The interface screens defined with HTML, MXML™, and the like often include container objects or constructs, which are structural elements that hold additional visual objects that are rendered in the resulting interface screens. In other words, a container may be considered a visual organizational unit for automatically laying out the visual elements of a UI. Thus, while an end user usually will not see the actual container objects or constructs in the application, the containers are present, organizing and laying out the visual elements. In an MXML™-enabled ADE, example container constructs include an HBox, VBox, form, form item, panel, tile, grid, grid row or item, title window, control bar, HDividedBox, VDividedBox, application, and the like. In HTML, containers take the form of tables, divisions (DIVs), and the like. Each of these constructs define containers which, for example, position content horizontally (e.g., an HBox) and/or vertically (e.g., a VBox), or simply hold visual objects at some position within the visual page (e.g., table, DIV).

The complex designs of modern web pages and graphics-driven applications often use various nested containers and stacked containers within the UI, in order to create the desired visual experience. However, nesting multiple containers in a UI may cause problems for developers during creation or modification of the UI. For example, a UI under development may have a horizontal box to lay objects out horizontally and one or more vertical boxes, nested within the horizontal box to lay objects out vertically. The problem arises when the various nested containers share edges with each other. For example, the left edge of a VBox that is inside an HBox could be the same as the left edge of the HBox containing that VBox. If the developer desires to insert another VBox between the current left-most VBox and the containing HBox, the shared edge will make it extremely difficult, if not impossible, to access to the virtual space between the existing boxes. To the developer, there would not appear to be any space into which he or she may drag and drop another desired object. Therefore, in order for the developer to place or move an object, he or she would typically move one of the overlapped boxes to physically create a space into which the other object may be placed. This extra step is seriously inconvenient to a developer.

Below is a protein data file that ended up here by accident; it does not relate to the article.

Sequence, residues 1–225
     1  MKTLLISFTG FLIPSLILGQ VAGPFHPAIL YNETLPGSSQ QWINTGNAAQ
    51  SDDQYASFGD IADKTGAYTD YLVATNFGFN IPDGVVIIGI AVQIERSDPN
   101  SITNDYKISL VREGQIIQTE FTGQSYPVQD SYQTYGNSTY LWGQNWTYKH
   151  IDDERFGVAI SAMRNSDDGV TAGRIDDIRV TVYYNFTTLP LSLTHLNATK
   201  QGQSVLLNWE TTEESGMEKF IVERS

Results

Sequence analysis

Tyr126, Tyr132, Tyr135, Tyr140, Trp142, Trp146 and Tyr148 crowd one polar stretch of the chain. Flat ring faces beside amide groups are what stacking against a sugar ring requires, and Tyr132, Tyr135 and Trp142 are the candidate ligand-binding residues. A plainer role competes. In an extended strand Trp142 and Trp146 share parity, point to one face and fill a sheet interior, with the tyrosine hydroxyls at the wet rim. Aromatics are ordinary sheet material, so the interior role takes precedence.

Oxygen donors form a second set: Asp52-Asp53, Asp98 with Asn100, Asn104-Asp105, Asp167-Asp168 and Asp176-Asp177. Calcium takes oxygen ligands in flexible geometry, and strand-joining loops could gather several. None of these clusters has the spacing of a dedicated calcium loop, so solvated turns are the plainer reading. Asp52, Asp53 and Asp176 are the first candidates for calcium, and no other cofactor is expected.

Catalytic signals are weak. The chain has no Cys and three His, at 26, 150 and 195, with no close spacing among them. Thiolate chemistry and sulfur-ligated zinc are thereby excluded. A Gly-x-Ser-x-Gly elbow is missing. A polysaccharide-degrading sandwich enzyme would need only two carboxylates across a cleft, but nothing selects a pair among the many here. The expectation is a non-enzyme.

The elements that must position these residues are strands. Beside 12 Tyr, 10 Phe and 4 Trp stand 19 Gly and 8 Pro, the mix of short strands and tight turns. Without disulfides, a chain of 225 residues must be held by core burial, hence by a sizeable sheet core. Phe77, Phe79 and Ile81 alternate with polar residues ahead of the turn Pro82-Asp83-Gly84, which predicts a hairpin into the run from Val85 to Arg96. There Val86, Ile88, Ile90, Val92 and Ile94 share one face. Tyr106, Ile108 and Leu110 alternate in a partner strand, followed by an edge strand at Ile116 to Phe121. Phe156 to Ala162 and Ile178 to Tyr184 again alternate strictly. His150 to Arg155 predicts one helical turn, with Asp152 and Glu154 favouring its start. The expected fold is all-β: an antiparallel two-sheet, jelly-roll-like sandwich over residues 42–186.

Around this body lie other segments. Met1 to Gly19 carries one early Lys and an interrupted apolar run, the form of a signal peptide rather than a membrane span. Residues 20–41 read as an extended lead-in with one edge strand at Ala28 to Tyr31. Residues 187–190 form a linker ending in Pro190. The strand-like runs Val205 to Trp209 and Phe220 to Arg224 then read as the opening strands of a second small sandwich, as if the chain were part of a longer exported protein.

BRIEF SUMMARY

Various representative embodiments of the present invention relate to systems, methods, and computer program products for visibly distinguishing multiple containers within an application being edited in an ADE. When the user selects to activate the container expansion, the ADE identifies an active target container in the application and then analyzes a container hierarchy based on the target container. The ADE visually represents the container hierarchy in a graphical overlay superimposed on top of the application. The visual representation includes a container proxy for each of the containers within the hierarchy. The container proxies are drawn in a manner to visibly distinguish each of the proxies to the developer even though the actual containers are not distinguishable in the application. The overlay of container proxies are superimposed onto the application in a design view of the ADE.

A developer may edit the underlying application by interacting with the target container proxy in the overlay. The target container proxy corresponds to the target container in the application. The developer may move containers around within the target proxy or insert any object in the target container. The developer may also change which container proxy is the target container. The developer may do this in a variety of ways, such as simply providing a mouse click in the desired container proxy, hovering over the desired proxy, hovering over the desired proxy in addition to activating a hot key, or some other action. With the selection of a new target proxy, the ADE re-analyzes the container hierarchy and then updates the overlay. The updated overlay may add, delete, or change the size of containers, depending on the container hierarchy of the target proxy. The ability to edit the application by interacting with the target container proxy in the overlay, and then changing the target proxy, allows the developer to have a great amount of control over the makeup of the application, while increasing the precision with which the developer may interact with various overlapping, stacked, and adjacent containers.